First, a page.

It’s the past decades our FDs have been passed from generation to generation. Investment means only two things for us when it must be your childhood, FDs if it is for the short-term, and real-estate, basically land, for the long-term. But now, after the Covid-19 outbreaks, when 1 crore demat accounts were added to Indian brokerage firms overall within a year, a mental shift has been seen in your investing patterns.
After the Covid-lead year, you must have also realised the importance of financial literacy when you do not have enough money as emergency funds, insurance to cope with health expenses, a drastic shift from keeping your money safe, and following a conventional approach to an assurance of a hedge against inflation. To achieve your short-term financial objectives, let’s understand more clearly which one suits you the best.
What are short-term financial objectives?
Any financial objective within a five-year window is known as a short-term goal. It might be buying a car, building an emergency corpus, or it could be a slight house renovation. To achieve them, you need a specific amount of money to save during the whole tenure.
Should you invest the saved money?
If we keep it in your savings bank account, it doesn't yield you more than 3%-5%. But, if you invest it in a particular financial instrument, you will be able to reach the targeted amount of money quickly and focus on other goals as well.
Should you invest it in FDs or debt funds?
When you invest for a short-term objective, you cannot afford to lose the principal amount at any cost, hence, the very first trait you will look for is the safest investment. Second is liquidity, there has to be a market where you can liquify your investments whenever you need them.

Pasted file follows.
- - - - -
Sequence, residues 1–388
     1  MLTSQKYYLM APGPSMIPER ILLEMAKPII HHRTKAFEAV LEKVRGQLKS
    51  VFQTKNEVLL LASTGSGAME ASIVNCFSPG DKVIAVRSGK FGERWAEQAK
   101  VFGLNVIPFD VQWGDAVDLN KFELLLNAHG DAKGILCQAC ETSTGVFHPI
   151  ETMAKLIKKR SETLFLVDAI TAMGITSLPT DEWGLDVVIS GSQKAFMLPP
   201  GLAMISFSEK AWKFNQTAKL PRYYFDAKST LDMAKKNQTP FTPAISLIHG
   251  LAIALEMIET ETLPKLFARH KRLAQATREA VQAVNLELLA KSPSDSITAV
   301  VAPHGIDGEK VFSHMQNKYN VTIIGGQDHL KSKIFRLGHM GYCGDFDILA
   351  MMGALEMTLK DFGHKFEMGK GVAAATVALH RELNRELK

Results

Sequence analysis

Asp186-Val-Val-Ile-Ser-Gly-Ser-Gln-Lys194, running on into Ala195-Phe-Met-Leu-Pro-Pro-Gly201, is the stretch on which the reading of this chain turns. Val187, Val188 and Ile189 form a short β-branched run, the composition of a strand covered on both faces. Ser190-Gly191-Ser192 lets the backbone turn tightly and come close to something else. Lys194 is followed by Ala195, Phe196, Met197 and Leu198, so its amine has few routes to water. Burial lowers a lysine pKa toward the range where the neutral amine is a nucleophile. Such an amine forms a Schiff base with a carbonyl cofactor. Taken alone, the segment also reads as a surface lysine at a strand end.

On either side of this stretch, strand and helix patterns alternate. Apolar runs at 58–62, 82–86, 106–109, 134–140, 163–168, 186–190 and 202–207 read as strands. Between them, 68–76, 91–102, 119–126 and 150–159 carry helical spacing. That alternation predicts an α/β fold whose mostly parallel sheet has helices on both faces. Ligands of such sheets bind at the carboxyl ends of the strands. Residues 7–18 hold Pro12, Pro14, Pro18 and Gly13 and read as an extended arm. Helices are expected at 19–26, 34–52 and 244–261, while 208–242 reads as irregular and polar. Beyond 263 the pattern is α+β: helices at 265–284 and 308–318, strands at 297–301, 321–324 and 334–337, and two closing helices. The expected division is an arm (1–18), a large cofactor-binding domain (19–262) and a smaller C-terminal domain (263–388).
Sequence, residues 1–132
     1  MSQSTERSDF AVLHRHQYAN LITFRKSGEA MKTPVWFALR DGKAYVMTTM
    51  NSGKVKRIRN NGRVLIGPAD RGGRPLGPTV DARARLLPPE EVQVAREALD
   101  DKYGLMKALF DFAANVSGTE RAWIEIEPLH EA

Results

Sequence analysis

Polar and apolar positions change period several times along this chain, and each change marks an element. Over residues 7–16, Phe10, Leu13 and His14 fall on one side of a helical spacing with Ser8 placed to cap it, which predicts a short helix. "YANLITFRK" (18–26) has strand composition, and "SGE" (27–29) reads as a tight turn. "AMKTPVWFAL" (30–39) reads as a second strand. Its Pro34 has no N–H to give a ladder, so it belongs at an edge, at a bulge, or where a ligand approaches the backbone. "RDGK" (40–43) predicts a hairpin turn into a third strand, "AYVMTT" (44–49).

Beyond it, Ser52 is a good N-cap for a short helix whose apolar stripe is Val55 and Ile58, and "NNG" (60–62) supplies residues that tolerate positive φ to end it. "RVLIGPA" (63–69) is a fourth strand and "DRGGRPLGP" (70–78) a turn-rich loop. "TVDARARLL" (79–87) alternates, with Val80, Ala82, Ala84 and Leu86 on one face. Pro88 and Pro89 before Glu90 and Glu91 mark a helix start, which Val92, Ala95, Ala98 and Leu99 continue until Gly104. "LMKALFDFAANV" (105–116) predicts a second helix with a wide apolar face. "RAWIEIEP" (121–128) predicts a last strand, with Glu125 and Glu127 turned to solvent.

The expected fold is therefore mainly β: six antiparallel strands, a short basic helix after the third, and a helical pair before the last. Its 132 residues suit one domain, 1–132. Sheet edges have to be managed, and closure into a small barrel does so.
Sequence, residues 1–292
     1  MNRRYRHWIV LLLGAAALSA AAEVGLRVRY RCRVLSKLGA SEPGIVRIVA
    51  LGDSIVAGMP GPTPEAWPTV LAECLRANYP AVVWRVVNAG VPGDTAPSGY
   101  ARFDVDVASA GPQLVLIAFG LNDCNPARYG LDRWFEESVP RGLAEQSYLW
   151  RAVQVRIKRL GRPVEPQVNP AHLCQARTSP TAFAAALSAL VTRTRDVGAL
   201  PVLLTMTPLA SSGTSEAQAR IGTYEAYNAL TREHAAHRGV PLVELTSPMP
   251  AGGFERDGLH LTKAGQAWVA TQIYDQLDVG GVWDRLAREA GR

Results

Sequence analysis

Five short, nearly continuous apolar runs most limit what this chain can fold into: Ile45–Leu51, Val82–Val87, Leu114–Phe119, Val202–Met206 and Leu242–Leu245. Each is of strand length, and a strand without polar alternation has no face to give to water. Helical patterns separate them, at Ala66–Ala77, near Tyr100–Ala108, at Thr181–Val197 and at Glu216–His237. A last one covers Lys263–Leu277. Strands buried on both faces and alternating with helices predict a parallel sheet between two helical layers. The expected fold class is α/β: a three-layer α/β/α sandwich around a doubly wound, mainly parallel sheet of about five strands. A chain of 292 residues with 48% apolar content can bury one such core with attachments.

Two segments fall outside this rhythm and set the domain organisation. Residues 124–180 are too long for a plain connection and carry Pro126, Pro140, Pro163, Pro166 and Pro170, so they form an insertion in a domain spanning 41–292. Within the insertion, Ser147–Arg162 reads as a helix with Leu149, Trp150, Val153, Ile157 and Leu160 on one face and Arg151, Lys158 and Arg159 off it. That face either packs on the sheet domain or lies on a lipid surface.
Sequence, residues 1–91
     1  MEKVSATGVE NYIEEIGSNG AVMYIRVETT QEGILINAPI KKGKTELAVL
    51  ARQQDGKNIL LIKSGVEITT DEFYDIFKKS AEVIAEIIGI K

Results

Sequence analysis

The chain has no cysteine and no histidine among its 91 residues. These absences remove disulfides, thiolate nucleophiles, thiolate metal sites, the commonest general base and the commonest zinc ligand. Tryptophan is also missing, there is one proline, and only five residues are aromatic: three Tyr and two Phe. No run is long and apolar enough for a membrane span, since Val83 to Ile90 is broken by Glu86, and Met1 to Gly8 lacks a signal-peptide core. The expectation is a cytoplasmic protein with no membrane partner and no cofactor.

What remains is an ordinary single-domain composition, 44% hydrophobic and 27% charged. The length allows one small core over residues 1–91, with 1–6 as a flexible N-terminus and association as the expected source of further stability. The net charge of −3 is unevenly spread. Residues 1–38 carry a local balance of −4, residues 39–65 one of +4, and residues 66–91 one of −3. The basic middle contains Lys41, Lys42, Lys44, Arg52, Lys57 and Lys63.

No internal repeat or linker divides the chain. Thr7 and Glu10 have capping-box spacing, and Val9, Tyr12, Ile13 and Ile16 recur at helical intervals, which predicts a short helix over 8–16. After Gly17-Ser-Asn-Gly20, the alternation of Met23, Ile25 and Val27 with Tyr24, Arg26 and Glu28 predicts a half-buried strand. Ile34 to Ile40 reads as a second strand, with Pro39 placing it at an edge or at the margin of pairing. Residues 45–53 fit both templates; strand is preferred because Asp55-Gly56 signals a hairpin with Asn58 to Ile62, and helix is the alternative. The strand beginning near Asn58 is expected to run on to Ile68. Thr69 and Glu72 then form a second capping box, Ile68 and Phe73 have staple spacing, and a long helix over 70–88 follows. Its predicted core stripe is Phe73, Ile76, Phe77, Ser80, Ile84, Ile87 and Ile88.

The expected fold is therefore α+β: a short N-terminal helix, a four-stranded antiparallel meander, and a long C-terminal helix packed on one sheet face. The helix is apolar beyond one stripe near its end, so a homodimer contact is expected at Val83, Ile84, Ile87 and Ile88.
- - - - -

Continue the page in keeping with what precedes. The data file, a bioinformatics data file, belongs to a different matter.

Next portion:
Third and last, you must get a return on investment that at least hedges inflation if not appreciating the value. Now, let's understand how FDs and debt funds are fulfilling your requirements and which one suits you the best.
If you talk about returns, debt funds give two-sided returns, capital appreciation, and fixed-income as a percentage. However, the fixed interest rate is not so fixed as it depends on the overall movement of the interest rate in the country. Debt funds outperform FDs at times when the market is low. On the other hand, FD returns are pre-specified by the bank's offers typically between 6-8%.
The most important aspect of a short-term investment is that instruments must be highly liquid. In the case of FDs, you have to pay a penalty if you break it before maturity. But in the case of debt funds, you can sell it anytime through your AMC, many of them provide withdrawal without exit load as well.
Method of investment
You can choose a SIP for investing in debt funds if you do not have enough money to invest in lumpsum, which is the only option available with FDs.
Besides exit load, tax is the only expense you must care about. Up to the interest of ₹40,000 is exempted from FD investment. While in the case of debt funds, you have to pay capital gain tax on your investment, short-term capital gain in the current case.
By analysing the above-mentioned differentiation between FD and debt funds, you can say that if you are investing for a goal that does not have a specific time of withdrawal, say emergency funds, debt funds are the best option to avail. Otherwise, the choice might depend on your risk appetite and knowledge level primarily.
Anushka Trivedi is a freelance financial content writer. She can be reached at anushkatrivedi.com